East Anglia and the other Low Countries

By en:User:Fresheneesz - en:Image:The Low Countries.png, CC BY-SA 3.0, Link with modification to include East Anglia in the mini-map for illustration.

Locations of my mother's recorded ancestors in East Anglia.

I've posted on this subject a few times before, by looking at the 16th/17th Century Norwich Strangers at Immigration into East Anglia and more recently at some of my families personal DNA ancestral analysis at Are the South East English actually Belgian?  However, as I continue to see comparisons between our DNA and DNA from samples of Iron Age / Romano-Britons, Anglo-Saxons, Modern Dutch, Modern Belgian, so my interest in links between the Low Countries, and the region of South East Britain known as East Anglia increases.

Here is the latest K36 Oracle map for a member of my family:

I have a Walloon 9th great grandfather that lived in 17th Century Norwich on my father's side.  I have recently been investigating a link on my mother's ancestry.  One ancestral line of hers that lived in East Norfolk, carried the surname Tammas.  I can only trace it back to a 4th great grandfather, born around 1774.  However, I recently became aware that the surname Tammes can be found in the Low Countries, possibly originating in Friesland.  More evidence perhaps, of post-medieval migration into East Anglia.  So there are a few hints of the Low Countries in my recorded genealogy - just there maybe - but do they echo a much older, and wider period?  Just how close are the East Anglians to Frisians, Walloons, Flemish, etc?

The Norfolk coast is as close to the Netherlands, just 113 miles, as it is to London and in medieval times it only took a day to sail to Amsterdam, but four days to travel to London. At that time Norfolk was isolated by muddy marshland and dense forest so we have always looked to the Continent

Source: Visit Norfolk website

‘The Strangers’. Norfolk doesn’t have squares, it has plains. The word is from the Dutch ‘plein’ – a reminder that the language was spoken in the streets of Norwich for many years by ‘Strangers’, the flood of religious refugees and traders who fled persecution by the Spanish duke of Alva in the still-to-be-independent Low Countries in the 1560s and 1570s. Historians still debate the exact impact of the Strangers on the city’s key industry of weaving, but there is no doubting the numbers: by 1582 there were 4,679 of them in the city – more than a third of its population. There was still an annual church service in Dutch in their church – the chancel of Blackfriars in Norwich - until 1921.

Source: EDP

My Walloon Ancestor of Norwich

I'm going back a bit with this one.  I've written about the Norwich Strangers before (known elsewhere as the Elizabethan Strangers).  Well I may have traced one on my family tree.  On my paternal grandfather's side, back on his maternal line a bit, to a 9th great grandfather:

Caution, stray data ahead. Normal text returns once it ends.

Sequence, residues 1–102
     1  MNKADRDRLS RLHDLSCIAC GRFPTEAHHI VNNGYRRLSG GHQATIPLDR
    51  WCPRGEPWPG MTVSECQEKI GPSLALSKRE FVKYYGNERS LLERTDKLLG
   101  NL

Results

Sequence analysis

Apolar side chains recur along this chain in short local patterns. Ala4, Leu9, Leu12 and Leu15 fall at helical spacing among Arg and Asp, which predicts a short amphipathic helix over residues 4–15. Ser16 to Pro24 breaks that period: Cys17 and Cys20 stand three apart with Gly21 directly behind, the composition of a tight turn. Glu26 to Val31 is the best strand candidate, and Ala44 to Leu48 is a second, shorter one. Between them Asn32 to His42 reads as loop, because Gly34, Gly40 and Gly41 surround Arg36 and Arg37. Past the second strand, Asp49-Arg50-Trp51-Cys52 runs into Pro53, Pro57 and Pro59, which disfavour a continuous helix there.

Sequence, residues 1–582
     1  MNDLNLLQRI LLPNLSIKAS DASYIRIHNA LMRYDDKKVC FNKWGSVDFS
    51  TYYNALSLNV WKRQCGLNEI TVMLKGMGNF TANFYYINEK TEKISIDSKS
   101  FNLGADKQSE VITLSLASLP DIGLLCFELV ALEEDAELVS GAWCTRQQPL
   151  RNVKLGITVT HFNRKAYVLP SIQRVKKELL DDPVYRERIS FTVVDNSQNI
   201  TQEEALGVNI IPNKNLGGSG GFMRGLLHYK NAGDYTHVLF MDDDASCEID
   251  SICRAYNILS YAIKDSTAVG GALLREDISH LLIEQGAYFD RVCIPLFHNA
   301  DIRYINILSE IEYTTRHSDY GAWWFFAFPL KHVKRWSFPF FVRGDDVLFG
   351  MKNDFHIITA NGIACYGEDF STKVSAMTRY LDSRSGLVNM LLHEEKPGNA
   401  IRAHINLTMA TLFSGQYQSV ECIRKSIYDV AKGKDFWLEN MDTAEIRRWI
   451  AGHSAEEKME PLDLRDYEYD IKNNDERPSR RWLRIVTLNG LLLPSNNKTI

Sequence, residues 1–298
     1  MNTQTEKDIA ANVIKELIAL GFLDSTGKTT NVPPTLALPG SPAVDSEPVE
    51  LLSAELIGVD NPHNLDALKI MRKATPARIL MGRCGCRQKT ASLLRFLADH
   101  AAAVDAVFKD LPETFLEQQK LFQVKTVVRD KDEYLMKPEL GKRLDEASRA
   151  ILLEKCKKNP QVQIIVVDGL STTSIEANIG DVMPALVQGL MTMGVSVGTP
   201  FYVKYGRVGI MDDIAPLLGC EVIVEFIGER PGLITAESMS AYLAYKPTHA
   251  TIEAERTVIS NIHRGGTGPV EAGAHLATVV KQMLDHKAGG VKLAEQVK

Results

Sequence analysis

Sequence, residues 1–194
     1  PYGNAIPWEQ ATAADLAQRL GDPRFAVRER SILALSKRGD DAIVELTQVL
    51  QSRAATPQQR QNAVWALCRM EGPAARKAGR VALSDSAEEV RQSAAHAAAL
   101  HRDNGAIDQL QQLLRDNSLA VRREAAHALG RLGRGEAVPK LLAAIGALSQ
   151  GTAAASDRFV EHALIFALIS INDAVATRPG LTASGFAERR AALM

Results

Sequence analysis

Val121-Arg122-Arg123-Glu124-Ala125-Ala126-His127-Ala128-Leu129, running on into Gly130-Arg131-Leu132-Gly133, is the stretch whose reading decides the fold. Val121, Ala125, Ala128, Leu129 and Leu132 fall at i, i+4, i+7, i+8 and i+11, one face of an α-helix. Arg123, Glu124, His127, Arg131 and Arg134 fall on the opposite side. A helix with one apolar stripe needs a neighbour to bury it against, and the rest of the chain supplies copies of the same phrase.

The Strangers were invited to Norwich during the 16th and 17th centuries.  Protestant refugees from what is now the Netherlands and Belgium.  They were fleeing persecution from the Roman Catholic Spanish Crown.  They were invited to Norwich, and to other towns in South East England, partly in protestant solidarity, and partly as an economic measure, to poach their lucrative skills and trades, particularly in the production of fine cloth and linens.  It was a brain drain event.  Eastern English towns and cities had been economically waning ever since the 14th century, and cloth production was in decline.

Most of the Norwich Strangers were Dutch-speaking Flemish, but a minority of the Strangers were French-speaking.  They were known as the Walloons.  In 1637, they opened their own French-speaking protestant church in Norwich, in a disused medieval church, St Mary-the-lesser.  The Walloons were known for their dry, colourful clothes, that in Norwich, developed into a style known as Norwich Stuffs.  I cannot yet say, that my 8th great grandfather John Rosier, was without doubt, the son of the Norwich based Walloon, Jean Rosiere, but it looks highly likely.  The surname Rosiere has elsewhere been associated with British Huguenot families - a slightly later emigration event.  That John Rosier appeared to move around Norfolk somewhat, suggests that he had a trade other than the usual farming.  Jean Rosiere of Norwich had a son baptised at the French Protestant Church in 1667, also named Jean Rosier - just the right age for my 8th great grandfather.  I can find no other references to any other Jean Rosiere nor John Rosier in Norfolk at that time.

This is only the second non-English born ancestor that I have so far traced, out of some 420 direct ancestors.  I feel enormously proud to have found a link back to the Norwich Strangers.

The Rosiere Family appear to have been a French Protestant (Walloon) family living in 17th Century Norwich.  I can see references to a Jean Rosiere, and a Philipe Rosiere.  Both appear to have had children in the City, that appear to have married into English families.  There is a later reference to a Rosiere in Norwich, listed as a wool comber, so indeed, they appear to have been involved in the cloth and linen trade.  My reference to the baptism of Jean Rosier in 1667, is unfortunately only a transcription, but it does state Walloon.  An earlier baptism in 1662 of Ollende (Holland) Rosieres to Jean Rosieres is however available online, and comes from the registers of the French Protestant Church in Norwich.  This looks like an older sister of John Rosier.

The next record for my 8th great grandfather, John Rosier, appears over in Swaffham, Norfolk in 1696.  It was his marriage to Elizabeth Fen:

Both John and Elizabeth were recorded as widow and widower.  I have not yest found their earlier marriages.

He moves again.  Their daughter, Rachel Rosier, is baptised at Watton, Norfolk, in 1709:

That is currently my last record for John and Elizabeth.  But Rachel is my 7th great grandmother.  She appears to move to East Dereham, Norfolk - the last move for this line for several generations.  But for some reason, she marries Allen Bradfield of Swanton Morley (just outside of Dereham) several miles away at Necton, Norfolk:

They have a daughter named Elizabeth Bradfield, born 1745 at Dereham:

Elizabeth Bradfield, goes on to marry Solomon Harris at nearby Swanton Morley in 1767: